If I were cruising in the Phillippines, I'd not likely think of installing a fridge, because ice is dirt cheap there... you can get 25 Kg for $ 0.50.

But I now cruise the West Indies, and ice is very expensive here, and was costing me $ 60 per month while running a box with 8 in of insulation in the sidewalls and 18in in the floor and 6 in in the top...

If you are cruising Lake Superior, or the Queen Charlottes, or Greenland... a fridge can be had by putting the food over the side... not so in the West Indies..

INDY

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Old 14-06-2010, 10:10   #502
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Around here, one of the boats I keep seeing for sale at a good price, is the Aquarius 23.
This appears to be a sort of microbus of sailboats, with all of the compromises pointed towards a boat that is workable in a small tow-able package. Workable, not a racer.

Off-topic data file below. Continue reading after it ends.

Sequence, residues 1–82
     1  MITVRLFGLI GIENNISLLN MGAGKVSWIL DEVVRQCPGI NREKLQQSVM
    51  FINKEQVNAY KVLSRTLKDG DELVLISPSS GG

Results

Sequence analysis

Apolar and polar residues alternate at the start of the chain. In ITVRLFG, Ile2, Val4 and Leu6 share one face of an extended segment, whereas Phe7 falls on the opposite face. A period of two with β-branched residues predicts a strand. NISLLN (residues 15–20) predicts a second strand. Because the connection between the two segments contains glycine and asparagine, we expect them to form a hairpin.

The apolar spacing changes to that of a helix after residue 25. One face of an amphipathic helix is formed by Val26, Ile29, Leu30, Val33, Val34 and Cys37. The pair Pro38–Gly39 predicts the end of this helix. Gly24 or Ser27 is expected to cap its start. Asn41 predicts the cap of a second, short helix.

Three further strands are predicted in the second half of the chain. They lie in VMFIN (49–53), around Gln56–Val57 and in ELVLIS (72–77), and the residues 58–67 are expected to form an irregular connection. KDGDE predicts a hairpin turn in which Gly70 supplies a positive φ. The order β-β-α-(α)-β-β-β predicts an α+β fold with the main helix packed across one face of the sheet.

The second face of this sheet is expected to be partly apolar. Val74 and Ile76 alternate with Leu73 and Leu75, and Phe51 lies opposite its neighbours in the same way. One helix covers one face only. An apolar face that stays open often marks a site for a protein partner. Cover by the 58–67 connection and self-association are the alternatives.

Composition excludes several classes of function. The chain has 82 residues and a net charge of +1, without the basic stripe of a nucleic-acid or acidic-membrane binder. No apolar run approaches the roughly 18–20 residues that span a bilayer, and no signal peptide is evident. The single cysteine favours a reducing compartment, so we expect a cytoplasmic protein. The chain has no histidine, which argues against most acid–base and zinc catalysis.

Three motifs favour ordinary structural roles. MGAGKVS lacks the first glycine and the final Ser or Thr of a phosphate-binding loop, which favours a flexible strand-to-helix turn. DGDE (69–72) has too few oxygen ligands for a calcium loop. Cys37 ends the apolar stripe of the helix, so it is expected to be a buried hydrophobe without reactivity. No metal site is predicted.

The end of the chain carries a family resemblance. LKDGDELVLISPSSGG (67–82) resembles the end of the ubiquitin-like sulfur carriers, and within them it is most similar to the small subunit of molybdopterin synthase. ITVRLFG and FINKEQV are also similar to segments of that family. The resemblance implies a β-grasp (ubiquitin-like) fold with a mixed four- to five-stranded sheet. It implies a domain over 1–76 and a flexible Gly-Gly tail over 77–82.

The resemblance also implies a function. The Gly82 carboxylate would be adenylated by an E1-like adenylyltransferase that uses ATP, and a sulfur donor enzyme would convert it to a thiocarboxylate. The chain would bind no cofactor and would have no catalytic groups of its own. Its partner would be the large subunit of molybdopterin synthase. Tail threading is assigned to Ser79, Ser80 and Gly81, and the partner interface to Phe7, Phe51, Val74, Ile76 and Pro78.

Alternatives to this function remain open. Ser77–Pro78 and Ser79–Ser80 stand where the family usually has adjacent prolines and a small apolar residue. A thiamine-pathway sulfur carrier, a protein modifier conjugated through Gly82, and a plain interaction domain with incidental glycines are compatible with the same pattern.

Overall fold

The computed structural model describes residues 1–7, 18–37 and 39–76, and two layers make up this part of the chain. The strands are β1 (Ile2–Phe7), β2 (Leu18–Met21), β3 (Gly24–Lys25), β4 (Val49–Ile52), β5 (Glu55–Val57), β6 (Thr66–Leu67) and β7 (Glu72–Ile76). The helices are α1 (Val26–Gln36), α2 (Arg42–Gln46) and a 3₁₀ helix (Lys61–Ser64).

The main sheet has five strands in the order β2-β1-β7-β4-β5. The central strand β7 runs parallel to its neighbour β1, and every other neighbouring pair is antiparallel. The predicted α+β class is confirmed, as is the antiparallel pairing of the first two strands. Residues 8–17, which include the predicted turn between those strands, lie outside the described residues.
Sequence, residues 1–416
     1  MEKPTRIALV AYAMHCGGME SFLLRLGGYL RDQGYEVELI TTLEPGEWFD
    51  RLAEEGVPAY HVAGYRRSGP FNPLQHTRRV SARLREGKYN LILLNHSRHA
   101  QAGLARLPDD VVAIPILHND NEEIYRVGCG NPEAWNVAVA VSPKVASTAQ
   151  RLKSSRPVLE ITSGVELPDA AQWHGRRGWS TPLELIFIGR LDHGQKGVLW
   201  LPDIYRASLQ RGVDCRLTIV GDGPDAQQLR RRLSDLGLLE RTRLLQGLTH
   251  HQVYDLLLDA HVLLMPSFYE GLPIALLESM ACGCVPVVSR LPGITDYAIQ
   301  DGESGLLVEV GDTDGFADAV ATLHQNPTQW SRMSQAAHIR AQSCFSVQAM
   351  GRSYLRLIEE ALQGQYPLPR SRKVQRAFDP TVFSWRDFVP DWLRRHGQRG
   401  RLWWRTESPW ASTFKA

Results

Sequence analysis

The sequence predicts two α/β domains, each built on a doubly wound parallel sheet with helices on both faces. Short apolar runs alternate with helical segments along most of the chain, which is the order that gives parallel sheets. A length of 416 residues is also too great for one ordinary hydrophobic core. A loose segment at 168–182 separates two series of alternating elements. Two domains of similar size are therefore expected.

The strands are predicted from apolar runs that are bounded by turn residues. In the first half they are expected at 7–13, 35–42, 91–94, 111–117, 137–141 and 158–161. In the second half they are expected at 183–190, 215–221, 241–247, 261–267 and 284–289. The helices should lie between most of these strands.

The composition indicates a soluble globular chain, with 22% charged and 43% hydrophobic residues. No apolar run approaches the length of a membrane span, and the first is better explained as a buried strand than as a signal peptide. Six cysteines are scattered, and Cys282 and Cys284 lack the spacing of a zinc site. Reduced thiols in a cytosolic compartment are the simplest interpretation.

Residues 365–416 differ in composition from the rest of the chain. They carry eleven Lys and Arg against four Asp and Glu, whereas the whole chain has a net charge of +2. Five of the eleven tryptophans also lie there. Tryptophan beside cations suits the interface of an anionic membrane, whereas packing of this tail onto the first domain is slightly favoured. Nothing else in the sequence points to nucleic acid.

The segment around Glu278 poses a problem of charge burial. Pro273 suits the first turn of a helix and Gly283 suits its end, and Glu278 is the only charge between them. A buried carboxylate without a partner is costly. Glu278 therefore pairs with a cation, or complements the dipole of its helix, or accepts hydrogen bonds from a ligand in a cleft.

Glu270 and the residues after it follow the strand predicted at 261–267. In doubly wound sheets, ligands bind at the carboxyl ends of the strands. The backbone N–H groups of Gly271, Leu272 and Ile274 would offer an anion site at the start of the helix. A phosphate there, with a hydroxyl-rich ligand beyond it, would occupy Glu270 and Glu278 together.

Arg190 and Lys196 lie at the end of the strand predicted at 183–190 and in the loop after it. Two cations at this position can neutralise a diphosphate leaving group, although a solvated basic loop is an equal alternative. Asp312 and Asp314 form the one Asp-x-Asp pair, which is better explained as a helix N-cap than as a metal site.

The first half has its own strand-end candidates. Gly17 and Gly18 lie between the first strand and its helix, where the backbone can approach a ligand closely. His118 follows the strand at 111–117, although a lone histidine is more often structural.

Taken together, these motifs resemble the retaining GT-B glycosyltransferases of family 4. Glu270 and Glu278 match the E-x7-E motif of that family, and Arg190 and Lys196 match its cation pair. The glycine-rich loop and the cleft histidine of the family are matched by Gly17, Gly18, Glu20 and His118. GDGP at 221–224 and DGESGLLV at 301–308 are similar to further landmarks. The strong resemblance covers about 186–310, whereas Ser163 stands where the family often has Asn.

There is one converted to a "Terminal Trawler", complete with the sails and rig if you want to install it, for 2500$ right now.
There is one that was in the garage being rehabbed when the owner passed, and it is listed at 1600$. The seller told me he would take the boat back if a serious issue was discovered.
Why is this boat never discussed in the beginner boat class?
And while not wanting to offend anyone, I do want to hear the true known bad about them. It sounds like the perfect tow/launch/recover lake/fishing/beach if needed, boat for this part of the world, if you leave racing out of the equation.